Landscape of pension plans

The pension landscape includes various types of pension plans worldwide. For example, individuals may access pension plans through employment or directly without any involvement of their employers. When plans are accessed through employment and were established by employers or social partners, these plans are considered as occupational. Plans are classified as personal when access to these plans does not have to be linked to an employment relationship and these plans are established directly by a pension fund or a financial institution acting as pension provider without any intervention of employers.

Occupational and personal plans coexist in most reporting countries: 33 out of the 38 OECD countries, as well as Brazil, India, Indonesia and South Africa, have both occupational and personal plans (Table 9.5). Individuals may be members of several occupational pension plans through different jobs during their career, and several personal pension plans that they have opened directly with a pension provider. The prominence of occupational plans in terms of assets varied greatly across countries at end-2022. Assets in occupational plans represented over 90% of all pension plan assets in Finland and Switzerland, but only 1% in Latvia where the asset-backed pension system is mostly based on personal plans.

Depending on how pension benefits are calculated and who bears the risks, occupational pension plans can be either defined benefit (DB) or defined contribution (DC). In DC plans, participants bear the brunt of risk, while in traditional DB plans sponsoring employers assume all the risks. Employers in some countries have introduced hybrid and mixed DB plans, which come in different forms, but effectively involve some degree of risk sharing between employers and employees. Cash balance plans (one type of hybrid DB plans) provide benefits based on a fixed contribution rate and a guaranteed rate of return (the guarantee is provided by the sponsoring employer, hence these plans are classified as DB). Such plans are part of the pension landscape in Belgium (where employers must provide a minimum return guarantee), Japan and the United States. Mixed plans are those where the plan has two separate DB and DC components that are treated as part of the same plan. There are also DC plans such as those in Denmark that offer guaranteed benefits or returns. They are classified as DC as there is no recourse to the sponsoring employer in case of underfunding. The proportion of assets in occupational DC plans and in personal plans is higher than in occupational DB plans in most of the reporting countries. More than 50% of assets were held in DC plans or personal plans in 19 out of 21 reporting OECD economies, and in Brazil (Figure 9.5).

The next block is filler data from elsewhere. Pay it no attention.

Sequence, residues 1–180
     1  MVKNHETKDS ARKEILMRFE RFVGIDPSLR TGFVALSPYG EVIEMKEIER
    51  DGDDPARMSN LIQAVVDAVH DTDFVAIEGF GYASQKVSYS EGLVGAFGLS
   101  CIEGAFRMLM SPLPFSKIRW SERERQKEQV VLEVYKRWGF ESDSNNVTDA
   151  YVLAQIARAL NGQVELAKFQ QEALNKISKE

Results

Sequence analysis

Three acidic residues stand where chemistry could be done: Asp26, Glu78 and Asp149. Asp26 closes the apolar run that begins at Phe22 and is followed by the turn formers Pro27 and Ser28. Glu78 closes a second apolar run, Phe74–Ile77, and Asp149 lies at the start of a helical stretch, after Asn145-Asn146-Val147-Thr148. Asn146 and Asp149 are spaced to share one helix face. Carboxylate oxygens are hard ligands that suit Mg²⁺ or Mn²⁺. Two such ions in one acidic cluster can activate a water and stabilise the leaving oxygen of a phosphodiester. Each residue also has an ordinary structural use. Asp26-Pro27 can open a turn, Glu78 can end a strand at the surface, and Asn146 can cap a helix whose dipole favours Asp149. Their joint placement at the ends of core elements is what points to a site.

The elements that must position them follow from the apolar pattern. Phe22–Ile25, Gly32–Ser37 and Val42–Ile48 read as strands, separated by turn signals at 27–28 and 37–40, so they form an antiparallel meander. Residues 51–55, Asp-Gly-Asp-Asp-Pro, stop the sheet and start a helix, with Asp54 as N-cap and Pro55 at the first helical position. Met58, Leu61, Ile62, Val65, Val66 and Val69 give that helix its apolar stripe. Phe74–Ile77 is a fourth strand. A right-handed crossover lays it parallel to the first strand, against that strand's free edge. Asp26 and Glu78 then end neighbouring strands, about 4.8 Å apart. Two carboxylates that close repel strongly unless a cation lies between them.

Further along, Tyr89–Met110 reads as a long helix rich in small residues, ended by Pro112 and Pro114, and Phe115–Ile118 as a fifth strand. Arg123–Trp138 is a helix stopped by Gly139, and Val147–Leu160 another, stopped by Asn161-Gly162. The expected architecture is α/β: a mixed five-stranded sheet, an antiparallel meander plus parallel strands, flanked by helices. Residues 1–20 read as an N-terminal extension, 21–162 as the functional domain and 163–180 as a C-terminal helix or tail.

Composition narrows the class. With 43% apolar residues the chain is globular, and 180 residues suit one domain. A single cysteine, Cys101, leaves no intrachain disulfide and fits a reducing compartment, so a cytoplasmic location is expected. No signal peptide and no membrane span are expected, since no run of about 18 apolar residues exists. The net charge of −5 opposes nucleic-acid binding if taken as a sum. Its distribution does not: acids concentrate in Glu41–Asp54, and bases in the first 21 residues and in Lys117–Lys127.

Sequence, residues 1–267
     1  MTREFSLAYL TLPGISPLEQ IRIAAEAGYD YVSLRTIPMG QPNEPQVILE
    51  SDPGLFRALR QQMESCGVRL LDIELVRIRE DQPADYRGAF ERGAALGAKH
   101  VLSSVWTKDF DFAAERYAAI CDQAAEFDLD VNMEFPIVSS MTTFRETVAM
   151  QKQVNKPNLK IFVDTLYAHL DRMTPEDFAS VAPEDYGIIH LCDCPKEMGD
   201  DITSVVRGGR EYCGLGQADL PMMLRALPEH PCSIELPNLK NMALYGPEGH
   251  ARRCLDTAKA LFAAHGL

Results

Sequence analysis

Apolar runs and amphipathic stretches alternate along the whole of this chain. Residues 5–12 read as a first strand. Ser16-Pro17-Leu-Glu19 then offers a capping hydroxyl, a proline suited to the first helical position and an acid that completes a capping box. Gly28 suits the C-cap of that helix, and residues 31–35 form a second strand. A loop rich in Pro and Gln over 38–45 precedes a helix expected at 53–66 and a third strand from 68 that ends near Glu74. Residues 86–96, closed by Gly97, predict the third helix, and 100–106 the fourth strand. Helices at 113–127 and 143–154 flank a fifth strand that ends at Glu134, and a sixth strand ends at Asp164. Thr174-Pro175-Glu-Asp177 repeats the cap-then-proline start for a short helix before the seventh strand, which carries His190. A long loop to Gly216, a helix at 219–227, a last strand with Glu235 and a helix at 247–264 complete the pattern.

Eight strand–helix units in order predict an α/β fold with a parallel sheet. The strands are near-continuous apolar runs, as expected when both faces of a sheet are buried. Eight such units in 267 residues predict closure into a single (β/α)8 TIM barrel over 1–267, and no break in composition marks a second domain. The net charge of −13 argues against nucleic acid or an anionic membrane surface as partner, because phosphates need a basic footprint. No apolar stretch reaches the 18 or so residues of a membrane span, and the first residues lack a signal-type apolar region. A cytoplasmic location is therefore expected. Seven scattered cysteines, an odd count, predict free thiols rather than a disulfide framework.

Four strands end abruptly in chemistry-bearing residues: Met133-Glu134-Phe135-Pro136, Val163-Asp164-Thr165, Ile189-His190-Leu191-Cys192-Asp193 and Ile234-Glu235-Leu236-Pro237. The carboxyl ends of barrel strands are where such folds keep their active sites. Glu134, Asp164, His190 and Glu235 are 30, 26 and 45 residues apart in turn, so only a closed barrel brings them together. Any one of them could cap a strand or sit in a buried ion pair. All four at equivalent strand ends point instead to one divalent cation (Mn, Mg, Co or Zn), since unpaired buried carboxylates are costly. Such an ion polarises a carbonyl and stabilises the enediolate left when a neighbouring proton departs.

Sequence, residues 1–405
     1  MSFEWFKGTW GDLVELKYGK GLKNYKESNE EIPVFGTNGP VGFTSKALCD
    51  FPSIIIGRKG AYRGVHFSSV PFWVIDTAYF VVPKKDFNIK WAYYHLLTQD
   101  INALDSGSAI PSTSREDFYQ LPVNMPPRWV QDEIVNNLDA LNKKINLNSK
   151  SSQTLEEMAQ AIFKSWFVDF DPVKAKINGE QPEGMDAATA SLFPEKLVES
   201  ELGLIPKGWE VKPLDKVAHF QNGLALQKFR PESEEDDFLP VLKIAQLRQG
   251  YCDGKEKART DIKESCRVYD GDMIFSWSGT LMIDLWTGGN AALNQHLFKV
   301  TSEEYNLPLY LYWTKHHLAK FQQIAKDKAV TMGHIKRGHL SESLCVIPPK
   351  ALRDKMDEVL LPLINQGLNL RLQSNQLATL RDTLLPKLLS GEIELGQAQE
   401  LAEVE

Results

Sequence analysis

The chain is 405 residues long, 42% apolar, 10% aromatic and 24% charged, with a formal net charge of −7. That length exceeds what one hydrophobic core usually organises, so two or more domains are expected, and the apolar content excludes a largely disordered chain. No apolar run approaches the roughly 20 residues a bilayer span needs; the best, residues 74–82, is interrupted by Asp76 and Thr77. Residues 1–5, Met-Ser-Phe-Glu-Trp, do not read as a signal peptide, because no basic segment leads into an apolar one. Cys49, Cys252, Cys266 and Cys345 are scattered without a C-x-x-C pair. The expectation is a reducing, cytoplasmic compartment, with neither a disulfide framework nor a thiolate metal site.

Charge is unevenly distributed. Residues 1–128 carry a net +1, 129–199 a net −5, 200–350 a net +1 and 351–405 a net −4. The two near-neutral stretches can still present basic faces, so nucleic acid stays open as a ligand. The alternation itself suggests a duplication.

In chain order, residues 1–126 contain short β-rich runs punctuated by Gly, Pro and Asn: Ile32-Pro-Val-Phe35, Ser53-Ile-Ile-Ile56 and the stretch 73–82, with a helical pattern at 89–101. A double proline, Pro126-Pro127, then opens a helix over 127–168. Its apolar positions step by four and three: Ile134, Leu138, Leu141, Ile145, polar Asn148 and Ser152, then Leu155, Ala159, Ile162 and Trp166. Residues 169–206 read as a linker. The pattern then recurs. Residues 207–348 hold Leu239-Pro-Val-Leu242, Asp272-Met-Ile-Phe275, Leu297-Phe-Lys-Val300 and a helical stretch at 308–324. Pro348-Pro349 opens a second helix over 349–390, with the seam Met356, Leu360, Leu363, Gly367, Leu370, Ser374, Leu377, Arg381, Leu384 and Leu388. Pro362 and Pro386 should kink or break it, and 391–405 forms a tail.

DC plans and personal plans have been gaining prominence at the expense of DB plans even in countries with a historically significant proportion of assets in DB plans such as the United States. The drop in the proportion of pension assets in DB plans was especially steep in Israel (91% of pension assets in DB plans at end-2001, 42.5% at end-2022) and Italy (40.1% at end-2001, 2.3% at end-2022) where DB plans have been closed to new members since 1995 (in Israel) and 1993 (in Italy). More recently, Iceland reformed a pension plan for state and municipal employees, converting it from DB to DC. The transition from DB to DC plans is going on in the Netherlands, one of the major pension markets in Europe, with a law taking effect in 2023 and requiring the conversion of DB plans into DC plans by 2028. The first occupational DC plans have also been introduced in Germany recently.

The OECD has established a set of guidelines for classifying pension plans (see OECD, 2005) on which this analysis is based.

In most OECD countries, pension funds are the main vehicle to fund occupational pensions. In some countries, pension insurance contracts (e.g. Belgium, Denmark, Korea, Norway and Sweden) or book reserves that are provisions on sponsoring employers’ balance sheets (e.g. Austria and Germany) are also used to finance occupational pension plans. Personal pension plans are often funded through pension insurance contracts or financial products provided by banks and asset managers.

Further reading

OECD (2005), Private Pensions: OECD Classification and Glossary, OECD, Paris. The OECD classification is available at www.oecd.org/finance/private-pensions/38356329.pdf.

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